If the State authorities are powerful enough, they can impose price control. But this leads to all sorts of dysfunctionings, the first of which is black market. An alternative is to let the market forces play freely. But this leads to a powerful subgroup imposing low prices for labor. The consequence is a society where a large working class is dominated and exploited by a smaller rich one.

Over the last generation, since the Thatcher/Reagan revolution of the late 1970's early 1980's, it seems that we are witnessing this phenomenon:

  1. free markets were facilitated all over the world (deregulation, disintermediation, ie direct access to financial markets for borrowers, dismantling of economic and trade barriers of all sorts),


  2. and at the same time telluric forces yet to be clearly understood created widening wealth disparities in western developped societies between a thin class of rich people getting ever richer, and a large middle class slowly sinking into comparative poverty (rise of unemployment, expensive housing, deteriorating quality of life...)

The last to understand economics are economists, who are busy building mathematical models unrelated to reality. Tradition began with Ricardo's theorem (which is as distant from the reality of exchanges between countries as is possible, and enabled the take off of Japan, South Korea, Taiwan and Singapore by carefully not applying it) and Walras's ludicrous states of equilibrium, to continue up to this day with the integral of prosperity over the course of their lives of couples of Gary Becker.

The best to try and understand economics and money, beside thinking by yourself, is to study the works of anthropologists, like for instance Jack Weatherford.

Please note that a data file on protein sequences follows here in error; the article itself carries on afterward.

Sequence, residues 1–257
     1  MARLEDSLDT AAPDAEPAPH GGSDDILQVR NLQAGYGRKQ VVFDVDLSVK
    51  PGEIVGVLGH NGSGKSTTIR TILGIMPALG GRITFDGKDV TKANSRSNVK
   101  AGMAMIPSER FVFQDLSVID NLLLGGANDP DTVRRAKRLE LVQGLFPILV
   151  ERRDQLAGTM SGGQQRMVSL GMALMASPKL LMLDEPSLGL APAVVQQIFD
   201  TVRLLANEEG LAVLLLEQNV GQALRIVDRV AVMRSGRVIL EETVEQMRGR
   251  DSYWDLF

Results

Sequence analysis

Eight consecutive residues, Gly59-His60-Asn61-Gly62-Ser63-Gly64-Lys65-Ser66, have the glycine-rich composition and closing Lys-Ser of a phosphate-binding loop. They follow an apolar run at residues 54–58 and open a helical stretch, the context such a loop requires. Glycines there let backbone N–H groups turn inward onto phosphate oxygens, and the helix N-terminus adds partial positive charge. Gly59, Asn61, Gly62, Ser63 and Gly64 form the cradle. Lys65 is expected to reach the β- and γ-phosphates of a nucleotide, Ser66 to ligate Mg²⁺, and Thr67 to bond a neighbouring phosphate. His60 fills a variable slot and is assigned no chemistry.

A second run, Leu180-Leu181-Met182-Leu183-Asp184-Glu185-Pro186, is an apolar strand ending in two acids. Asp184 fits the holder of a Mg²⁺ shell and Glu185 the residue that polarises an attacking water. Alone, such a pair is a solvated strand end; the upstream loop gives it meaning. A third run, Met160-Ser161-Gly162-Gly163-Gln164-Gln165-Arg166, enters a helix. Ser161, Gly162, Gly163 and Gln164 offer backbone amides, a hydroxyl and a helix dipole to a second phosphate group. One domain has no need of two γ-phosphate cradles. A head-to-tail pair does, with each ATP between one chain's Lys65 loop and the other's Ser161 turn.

To figure out how to maintain the stability of prices in a society where life is acceptable will require new ideas from powerful free and innovative minds.

Remember that the foundation of the problem, once again, is in the recording of exchanges: i.e. in accounting.

 

 

To close this digression on money, let's make three observations:

  1. for the past three or four decades, Nation-States have been losing power. This contributes to the recurrent social crises we see.

  2. we witness the appearance of new private moneys (Local Exchange Trading Systems) all over the place.

  3. computers and Internet will make new private currencies easy to create and manage. The main problem yet to be solved is that of security. (The ludicrous mishaps of MtGox, in March 2014, who "lost" 750 000 bitcoins of its clients, supposedly "worth" more than half a billion dollars - although it should only be recordings, and how can you "lose recordings"? - are here to remind the gullible of the problem.)

Notice that all monetary innovations of the past (with the exception of central banking) were spontaneous: bills of exchange, accounting, banking, bank notes, etc. This will be true of new means of exchange as well. These new private currencies, managed by large multinational corporations, are likely to replace Nation-States currencies within our lifetime. (To go farther see: multiple currency systems).

Course table of contents

Contact